Fallback Fonts on Mobile Devices
April 17, 2013
Today’s guest post was written by Jordan Moore, a writer and web designer based in Northern Ireland.
Recently, I was working on a project where the font kit was starting to get rather heavy due to the number of fonts we had painstakingly chosen to reflect the voice and tone of the brand. The kit was weighing in at around 300–400kb, which was a massive handicap on our target page weight before we had even added a single piece of content.
This realisation forced me to rethink my approach to the typography in the project, especially for users on poor connections—who we generally assume to be mobile users. My next plan was to use web fonts only as typographical flourishes, and the default system fonts would provide a stable baseline for the bulk of the typography. Headings would be web fonts served from Typekit to retain the link with the brand identity.
This was before I discovered that relying on default system fonts in responsive design is a fool’s game.
Modern web design has, without a doubt, become more complex when compared to the environment in which we started out as web designers—particularly in regard to typography. Before the introduction of web fonts, and the added challenge of the varied device landscape we face today, we relied on a select few system fonts to either display common typefaces across different platforms, or to fall back to the nearest common font in the font stack. System fonts in the past were the foundation from which we built our typographic decisions, but today’s device landscape is a wildly diverse space and requires a more nuanced approach. Our desire to present a smooth, consistent aesthetic across devices must be balanced with the principles of responsive web design for an optimal user experience.
I learned through my own experience that a font stack based on system fonts is no longer as safe as it was before the mobile device boom. Where system fonts in the major mobile operating systems are concerned, there is barely any consistency at all. For example, the Android operating system only comes packaged with 4 system fonts — none of which appear on iOS or Windows Phone, and those two platforms only share a handful of fonts between themselves. In the process of creating a compatibility table of shared default fonts across these systems for my own reference, what I ended up with was actually more like an incompatibility table. There is no safe native typographic foundation on today’s web.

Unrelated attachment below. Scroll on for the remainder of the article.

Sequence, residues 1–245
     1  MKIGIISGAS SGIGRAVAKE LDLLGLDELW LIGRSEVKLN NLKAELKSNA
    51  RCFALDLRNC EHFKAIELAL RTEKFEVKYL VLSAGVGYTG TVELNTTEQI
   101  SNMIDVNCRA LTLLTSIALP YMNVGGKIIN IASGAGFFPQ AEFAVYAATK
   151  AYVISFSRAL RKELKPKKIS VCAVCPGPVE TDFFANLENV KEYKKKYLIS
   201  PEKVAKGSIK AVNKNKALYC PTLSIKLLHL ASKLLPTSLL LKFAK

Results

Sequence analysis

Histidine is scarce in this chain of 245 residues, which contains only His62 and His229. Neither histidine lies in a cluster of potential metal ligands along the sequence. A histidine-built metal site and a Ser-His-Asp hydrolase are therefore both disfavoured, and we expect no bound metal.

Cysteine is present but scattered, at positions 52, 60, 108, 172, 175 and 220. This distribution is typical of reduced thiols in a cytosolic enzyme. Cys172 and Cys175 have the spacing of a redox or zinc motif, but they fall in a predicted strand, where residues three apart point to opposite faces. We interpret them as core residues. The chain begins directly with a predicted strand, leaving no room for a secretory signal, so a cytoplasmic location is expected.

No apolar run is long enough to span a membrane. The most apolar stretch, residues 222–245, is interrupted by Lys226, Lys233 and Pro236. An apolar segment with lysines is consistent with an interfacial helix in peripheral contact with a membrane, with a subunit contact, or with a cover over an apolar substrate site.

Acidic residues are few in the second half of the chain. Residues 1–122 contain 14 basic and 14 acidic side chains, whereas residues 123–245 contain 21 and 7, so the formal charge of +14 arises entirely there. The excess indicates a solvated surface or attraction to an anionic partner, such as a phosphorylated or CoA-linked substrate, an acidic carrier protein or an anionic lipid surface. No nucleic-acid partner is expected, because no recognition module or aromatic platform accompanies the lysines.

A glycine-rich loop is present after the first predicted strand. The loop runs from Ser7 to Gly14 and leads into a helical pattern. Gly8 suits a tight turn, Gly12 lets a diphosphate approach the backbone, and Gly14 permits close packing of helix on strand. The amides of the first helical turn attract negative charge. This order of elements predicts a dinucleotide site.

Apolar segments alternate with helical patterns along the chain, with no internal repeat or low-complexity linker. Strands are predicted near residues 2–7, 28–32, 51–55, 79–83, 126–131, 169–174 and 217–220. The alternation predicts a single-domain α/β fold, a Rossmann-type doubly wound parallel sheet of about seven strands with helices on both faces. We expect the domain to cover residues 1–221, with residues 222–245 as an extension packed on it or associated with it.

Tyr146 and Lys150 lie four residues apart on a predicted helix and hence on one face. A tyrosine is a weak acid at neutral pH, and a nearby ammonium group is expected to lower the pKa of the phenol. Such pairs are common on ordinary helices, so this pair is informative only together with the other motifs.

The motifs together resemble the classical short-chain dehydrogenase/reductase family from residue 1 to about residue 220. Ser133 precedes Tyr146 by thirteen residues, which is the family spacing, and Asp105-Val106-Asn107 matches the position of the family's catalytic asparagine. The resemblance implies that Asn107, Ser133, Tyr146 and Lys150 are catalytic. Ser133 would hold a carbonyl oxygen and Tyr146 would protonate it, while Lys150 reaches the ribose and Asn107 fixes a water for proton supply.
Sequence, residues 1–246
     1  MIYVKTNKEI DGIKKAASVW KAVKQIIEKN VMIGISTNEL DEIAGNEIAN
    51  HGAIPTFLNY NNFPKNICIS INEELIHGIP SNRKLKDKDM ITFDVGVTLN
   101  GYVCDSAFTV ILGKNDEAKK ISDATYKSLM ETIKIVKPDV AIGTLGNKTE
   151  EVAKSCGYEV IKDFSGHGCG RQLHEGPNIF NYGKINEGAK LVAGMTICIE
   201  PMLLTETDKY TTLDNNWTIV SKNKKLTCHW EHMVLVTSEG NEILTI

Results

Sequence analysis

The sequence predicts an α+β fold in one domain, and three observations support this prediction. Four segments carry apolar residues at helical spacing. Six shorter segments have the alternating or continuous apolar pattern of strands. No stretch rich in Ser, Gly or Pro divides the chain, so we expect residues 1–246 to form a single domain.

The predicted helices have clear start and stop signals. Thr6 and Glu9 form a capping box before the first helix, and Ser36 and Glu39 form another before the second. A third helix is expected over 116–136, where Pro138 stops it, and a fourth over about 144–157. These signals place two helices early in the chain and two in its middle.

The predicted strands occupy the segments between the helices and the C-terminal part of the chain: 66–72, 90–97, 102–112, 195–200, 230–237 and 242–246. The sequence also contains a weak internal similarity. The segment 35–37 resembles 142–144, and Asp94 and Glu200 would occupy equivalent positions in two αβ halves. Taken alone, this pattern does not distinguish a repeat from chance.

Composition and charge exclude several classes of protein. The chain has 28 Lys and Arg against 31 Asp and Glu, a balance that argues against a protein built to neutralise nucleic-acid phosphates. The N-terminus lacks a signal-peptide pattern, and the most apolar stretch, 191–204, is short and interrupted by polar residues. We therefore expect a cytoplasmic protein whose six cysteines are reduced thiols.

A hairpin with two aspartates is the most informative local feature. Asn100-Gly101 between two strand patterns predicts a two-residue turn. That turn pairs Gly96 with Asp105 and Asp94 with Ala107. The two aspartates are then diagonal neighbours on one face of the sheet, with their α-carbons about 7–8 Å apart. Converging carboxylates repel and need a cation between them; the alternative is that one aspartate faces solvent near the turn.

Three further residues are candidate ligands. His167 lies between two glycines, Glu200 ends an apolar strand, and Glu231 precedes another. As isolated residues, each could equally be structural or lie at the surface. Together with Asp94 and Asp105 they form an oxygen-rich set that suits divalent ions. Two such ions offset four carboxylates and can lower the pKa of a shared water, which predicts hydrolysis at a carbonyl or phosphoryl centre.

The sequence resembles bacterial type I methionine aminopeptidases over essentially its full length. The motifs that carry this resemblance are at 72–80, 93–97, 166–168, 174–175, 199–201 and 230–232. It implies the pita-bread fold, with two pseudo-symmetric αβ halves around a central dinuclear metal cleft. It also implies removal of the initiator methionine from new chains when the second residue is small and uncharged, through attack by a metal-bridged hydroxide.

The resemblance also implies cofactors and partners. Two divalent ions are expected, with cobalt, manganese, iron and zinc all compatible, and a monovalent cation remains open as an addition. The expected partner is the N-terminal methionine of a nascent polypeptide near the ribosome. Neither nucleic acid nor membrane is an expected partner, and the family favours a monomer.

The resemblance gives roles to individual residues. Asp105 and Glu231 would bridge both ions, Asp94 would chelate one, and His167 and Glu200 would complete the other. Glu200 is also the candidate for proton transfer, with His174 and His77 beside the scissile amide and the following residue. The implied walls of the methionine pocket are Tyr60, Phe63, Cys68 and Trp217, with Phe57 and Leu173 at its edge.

Fortunately, web fonts do provide consistent typography across major mobile and desktop operating systems, but they come with the caveat that good typography isn’t free in regard to page loading cost.
Web fonts are like any other asset when it comes to responsive design: they carry a variable weight that changes depending on the number of fonts you use. A heavier page weight results in a longer page load due to the time it takes the browser to download the assets, and as a maker for the web it makes sense to shoot for the lowest common denominator in terms of performance matters like page weight.
“Loading only the necessary” is a mantra for responsive designers. For responsive projects, we want to keep the page light in anticipation of the next user coming from one of any number of devices, and on a completely unpredictable connection speed.
If we think of web fonts as assets on the page—like images or any other asset—then we can use media queries to load different assets for different displays. For example, we can load high definition images for retina displays; why not do something similar for web fonts?
I am loading the “full” kit when screens meet or exceed one of the larger breakpoints, on the assumption that such a screen is a larger device—like a laptop or desktop—and more likely to be on a faster internet connection than a smaller device. Many techniques in responsive web design require developing assumptions like this for the purposes of decision-making. It sounds like a lot of parameters, but this is how we work with other assets—such as images—in the meantime until other methods like the Network Information API become available to us to make more informed decisions. In this case, the decision resulted in a much more reasonable page loading experience, specifically for devices on poorer connections.
If multiple kits aren’t an option, then I would suggest revisiting your approach to typography based on responsive principles. Aim for the lowest common denominator serving only the necessary assets. Establish your font kit by adding fonts and families only when you need them—this works best when you are working in the browser with real content. By evaluating which font assets are necessary with a mobile-first mindset, you’ll be less inclined to bloat a font kit with unnecessary typographical assets that will lead to an underperforming page.
I have a real passion for responsive typography, specifically for mobile. These small, incredibly powerful little devices provide immediate intimacy, and what I love most about them is that their beautiful high density displays allow web fonts to really sing. From a typographic design context, responsive design allows us to have fine control over our typography, using media queries to create different typographic rules to address different screen properties where appropriate.
Responsive web design has allowed us as web designers to become more flexible and embrace the inherent fluidity of the web and the diversity of devices that access it. We don’t have to sacrifice beautiful typography for the sake of developing a page that performs smoothly across multiple devices; indeed, responsive design and typographic design go hand-in-hand.
Jordan Moore is a Web designer and front end developer from Bangor, Northern Ireland. He is a responsive web design enthusiast with a passion for typography and frequently tweets as @jordanmoore.